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Labeling is a term often used for associating certain people with certain traits. Labels are useful tools in modern society, as they ease communication and save time that would have been spent on needless explanations. In psychology, many specialists utilize specific terms to describe a patient’s diagnosis, which is considered ‘labeling.’ The purpose of this paper is to review the positive and negative aspects of labeling in psychology and medicine and general.
Pros of Labeling in Psychology
The most important positive aspect of labeling is related to the accuracy of diagnosing as well as the availability and effectiveness of treatment (Elliot & Grigorenko, 2011). The ease of communication between professionals is necessary when facilitating a professional dialogue and developing new ways of psychological treatment. Lastly, using labels may empower the patients and their parents to do research on their own and learn ways of coping and treating the disease (Hinshaw & Scheffler, 2014).
Cons of Labeling in Psychology
While labeling is a necessary part of the diagnostic process, it is associated with several negative implications. A label is, for all means and purposes, an approximation of a person’s actual condition. This generalization can make psychologists lose sight of some of the personal issues unique to each particular patient (Hinshaw & Scheffler, 2014). Diagnoses also tend to be limited in ways they treat other symptoms found in a patient – many psychologists tend to ignore any signs uncommon to a particular diagnosis, writing them off as a patient’s quirks (Mueller, Fuermaier, Koerts, & Tucha, 2012). Lastly, in many societies labeling leads to stigmatization and self-fulfillment, as many patients start perceiving themselves through the lens of their diagnosis (Blais & Forth, 2014).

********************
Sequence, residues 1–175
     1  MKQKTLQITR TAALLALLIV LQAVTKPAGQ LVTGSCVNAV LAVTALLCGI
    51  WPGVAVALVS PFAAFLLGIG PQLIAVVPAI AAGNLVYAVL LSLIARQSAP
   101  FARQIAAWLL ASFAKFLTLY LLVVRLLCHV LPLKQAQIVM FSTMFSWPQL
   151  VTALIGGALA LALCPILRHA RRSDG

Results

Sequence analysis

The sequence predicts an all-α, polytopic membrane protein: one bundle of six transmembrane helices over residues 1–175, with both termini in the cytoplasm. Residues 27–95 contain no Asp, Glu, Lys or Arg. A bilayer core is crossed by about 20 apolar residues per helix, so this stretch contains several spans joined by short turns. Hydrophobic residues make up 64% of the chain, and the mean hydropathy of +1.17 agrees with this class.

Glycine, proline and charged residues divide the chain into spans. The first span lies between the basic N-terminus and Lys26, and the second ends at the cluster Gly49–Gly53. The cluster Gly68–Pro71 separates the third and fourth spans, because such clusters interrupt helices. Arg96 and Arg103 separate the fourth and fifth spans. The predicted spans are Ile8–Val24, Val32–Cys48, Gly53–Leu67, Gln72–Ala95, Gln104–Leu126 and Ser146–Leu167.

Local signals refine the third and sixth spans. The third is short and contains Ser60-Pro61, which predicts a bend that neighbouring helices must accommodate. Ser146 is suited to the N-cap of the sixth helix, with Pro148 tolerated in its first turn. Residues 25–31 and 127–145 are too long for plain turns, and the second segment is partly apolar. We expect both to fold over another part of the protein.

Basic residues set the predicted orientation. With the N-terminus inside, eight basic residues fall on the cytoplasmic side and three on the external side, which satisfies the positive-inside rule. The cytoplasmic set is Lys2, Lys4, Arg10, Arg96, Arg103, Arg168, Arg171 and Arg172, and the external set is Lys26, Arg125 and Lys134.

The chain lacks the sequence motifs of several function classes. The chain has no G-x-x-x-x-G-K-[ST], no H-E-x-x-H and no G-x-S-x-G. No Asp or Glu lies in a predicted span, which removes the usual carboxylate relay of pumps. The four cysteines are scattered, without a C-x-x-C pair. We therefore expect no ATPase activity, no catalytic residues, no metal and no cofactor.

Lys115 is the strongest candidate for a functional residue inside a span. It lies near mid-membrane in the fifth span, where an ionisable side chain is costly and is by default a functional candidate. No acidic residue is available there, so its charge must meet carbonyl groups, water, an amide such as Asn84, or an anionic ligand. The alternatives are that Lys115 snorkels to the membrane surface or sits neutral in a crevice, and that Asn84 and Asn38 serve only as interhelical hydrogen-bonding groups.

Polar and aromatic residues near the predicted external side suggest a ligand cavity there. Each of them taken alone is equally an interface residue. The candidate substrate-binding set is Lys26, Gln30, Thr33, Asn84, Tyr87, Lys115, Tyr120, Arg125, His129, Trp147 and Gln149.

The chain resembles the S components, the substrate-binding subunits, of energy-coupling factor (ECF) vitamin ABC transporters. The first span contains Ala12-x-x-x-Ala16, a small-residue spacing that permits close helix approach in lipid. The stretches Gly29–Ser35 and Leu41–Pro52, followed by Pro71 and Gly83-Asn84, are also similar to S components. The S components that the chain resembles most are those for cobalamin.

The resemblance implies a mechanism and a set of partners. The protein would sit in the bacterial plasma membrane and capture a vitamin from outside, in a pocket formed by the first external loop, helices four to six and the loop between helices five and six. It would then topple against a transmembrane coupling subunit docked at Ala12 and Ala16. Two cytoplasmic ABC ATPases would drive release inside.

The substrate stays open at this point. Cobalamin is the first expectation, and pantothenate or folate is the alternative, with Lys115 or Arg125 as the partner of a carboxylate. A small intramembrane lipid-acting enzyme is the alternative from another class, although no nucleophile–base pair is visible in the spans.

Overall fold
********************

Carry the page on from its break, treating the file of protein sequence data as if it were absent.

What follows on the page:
While labeling carries plenty of negative connotations in medical science, it is considered a necessary evil. Developing more personalized ways of treating and diagnosing people without labeling them could reduce some of the negative effects mentioned in this paper.
Blais, J., & Forth, A. (2014). Potential labeling effects: Influence of psychopathy diagnosis, defendant’s age, and defendant’s gender on mock juror’s decisions. Psychology, Crime, and Law, 20(2), 116-134.
Elliot, J., & Grigorenko, E. (2011). The dyslexia debate. Cambridge, UK: Cambridge Press.
Hinshaw, S., & Scheffler, R. (2014). The ADHD explosion. Oxford, UK: Oxford University Press.
Mueller, A. K., Fuermaier, A. B. M., Koerts, J., & Tucha, L. (2012). Stigma in attention deficit hyperactivity disorder. ADHD Attention Deficit and Hyperactivity Disorders, 4, 101-114.